NATIONAL BUREAU OF ECONOMIC RESEARCH
NATIONAL BUREAU OF ECONOMIC RESEARCH

Enforcement Problems and Secondary Markets

Fernando A. Broner, Alberto Martin, Jaume Ventura

NBER Working Paper No. 13559
Issued in October 2007
NBER Program(s):   IFM   AP

There is a large and growing literature that studies the effects of weak enforcement institutions on economic performance. This literature has focused almost exclusively on primary markets, in which assets are issued and traded to improve the allocation of investment and consumption. The general conclusion is that weak enforcement institutions impair the workings of these markets, giving rise to various inefficiencies. But weak enforcement institutions also create incentives to develop secondary markets, in which the assets issued in primary markets are retraded. This paper shows that trading in secondary markets counteracts the effects of weak enforcement institutions and, in the absence of further frictions, restores efficiency.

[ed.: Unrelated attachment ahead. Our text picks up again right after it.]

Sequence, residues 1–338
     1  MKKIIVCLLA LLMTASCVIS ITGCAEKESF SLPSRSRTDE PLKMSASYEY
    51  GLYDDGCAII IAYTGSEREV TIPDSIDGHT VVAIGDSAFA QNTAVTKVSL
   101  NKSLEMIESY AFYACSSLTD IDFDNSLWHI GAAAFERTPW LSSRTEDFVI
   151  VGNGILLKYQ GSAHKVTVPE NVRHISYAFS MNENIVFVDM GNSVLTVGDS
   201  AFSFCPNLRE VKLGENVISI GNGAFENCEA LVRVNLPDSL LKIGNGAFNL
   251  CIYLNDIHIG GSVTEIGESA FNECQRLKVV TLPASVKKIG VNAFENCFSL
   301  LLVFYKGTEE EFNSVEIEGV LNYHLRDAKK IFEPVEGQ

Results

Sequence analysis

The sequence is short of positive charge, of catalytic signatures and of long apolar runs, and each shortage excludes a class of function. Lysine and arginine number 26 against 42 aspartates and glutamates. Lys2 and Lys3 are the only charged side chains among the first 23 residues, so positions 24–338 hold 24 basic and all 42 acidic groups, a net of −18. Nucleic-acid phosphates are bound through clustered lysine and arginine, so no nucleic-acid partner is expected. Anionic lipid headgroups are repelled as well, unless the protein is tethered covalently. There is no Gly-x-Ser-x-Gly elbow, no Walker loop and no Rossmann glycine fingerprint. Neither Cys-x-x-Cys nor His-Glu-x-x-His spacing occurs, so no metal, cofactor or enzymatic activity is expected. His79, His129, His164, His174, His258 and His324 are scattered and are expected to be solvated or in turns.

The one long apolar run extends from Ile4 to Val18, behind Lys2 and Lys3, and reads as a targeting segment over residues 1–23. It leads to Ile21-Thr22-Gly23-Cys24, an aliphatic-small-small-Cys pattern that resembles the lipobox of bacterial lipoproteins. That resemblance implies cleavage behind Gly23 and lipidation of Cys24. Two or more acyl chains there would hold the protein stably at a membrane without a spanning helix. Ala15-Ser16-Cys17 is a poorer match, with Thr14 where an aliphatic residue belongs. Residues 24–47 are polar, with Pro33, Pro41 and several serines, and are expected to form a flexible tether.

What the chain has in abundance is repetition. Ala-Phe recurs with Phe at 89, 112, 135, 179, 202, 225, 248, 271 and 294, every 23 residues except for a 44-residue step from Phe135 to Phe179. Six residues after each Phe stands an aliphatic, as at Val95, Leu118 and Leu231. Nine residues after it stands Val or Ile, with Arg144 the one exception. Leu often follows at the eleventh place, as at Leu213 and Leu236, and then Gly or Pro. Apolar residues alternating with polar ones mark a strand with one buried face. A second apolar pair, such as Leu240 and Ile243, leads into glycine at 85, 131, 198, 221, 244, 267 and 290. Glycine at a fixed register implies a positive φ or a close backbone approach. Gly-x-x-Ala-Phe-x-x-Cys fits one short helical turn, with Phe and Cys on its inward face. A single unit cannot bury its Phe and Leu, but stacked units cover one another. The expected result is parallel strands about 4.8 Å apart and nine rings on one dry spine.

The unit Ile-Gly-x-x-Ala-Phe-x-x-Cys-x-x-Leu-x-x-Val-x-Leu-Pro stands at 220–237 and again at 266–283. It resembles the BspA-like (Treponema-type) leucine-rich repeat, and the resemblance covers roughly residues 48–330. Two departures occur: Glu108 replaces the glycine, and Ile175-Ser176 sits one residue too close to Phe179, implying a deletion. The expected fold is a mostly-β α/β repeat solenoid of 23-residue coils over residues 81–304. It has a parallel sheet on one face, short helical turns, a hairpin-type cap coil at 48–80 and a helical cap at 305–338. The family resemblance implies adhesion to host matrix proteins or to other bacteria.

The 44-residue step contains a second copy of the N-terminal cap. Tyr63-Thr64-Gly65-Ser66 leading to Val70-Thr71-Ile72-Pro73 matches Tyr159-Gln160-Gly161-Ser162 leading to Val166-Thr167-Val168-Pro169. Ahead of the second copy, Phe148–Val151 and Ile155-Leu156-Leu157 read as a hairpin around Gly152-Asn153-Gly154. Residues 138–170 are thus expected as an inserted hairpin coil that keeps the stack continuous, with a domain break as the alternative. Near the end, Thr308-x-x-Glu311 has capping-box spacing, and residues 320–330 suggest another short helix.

download in pdf format
   (134 K)

email paper

This paper is available as PDF (134 K) or via email.

Machine-readable bibliographic record - MARC, RIS, BibTeX

Document Object Identifier (DOI): 10.3386/w13559

Published: Fernando A. Broner & Alberto Martin & Jaume Ventura, 2008. "Enforcement Problems and Secondary Markets," Journal of the European Economic Association, MIT Press, vol. 6(2-3), pages 683-694, 04-05. citation courtesy of

Users who downloaded this paper also downloaded these:
Broner, Martin, and Ventura w12783 Sovereign Risk and Secondary Markets
Ventura and Broner w12482 Globalization and Risk Sharing
Cummins, Lewis, and Phillips Pricing Excess-of-Loss Reinsurance Contracts against Cat as trophic Loss
Robinson The Secondary Market for State and Local Government Obligations
Fernández and Ozler w3654 Debt Concentration and Secondary Markets Prices: A Theoretical and Empirical Analysis
 
Publications
Activities
Meetings
NBER Videos
Data
People
About

Support
National Bureau of Economic Research, 1050 Massachusetts Ave., Cambridge, MA 02138; 617-868-3900; email: info@nber.org

Contact Us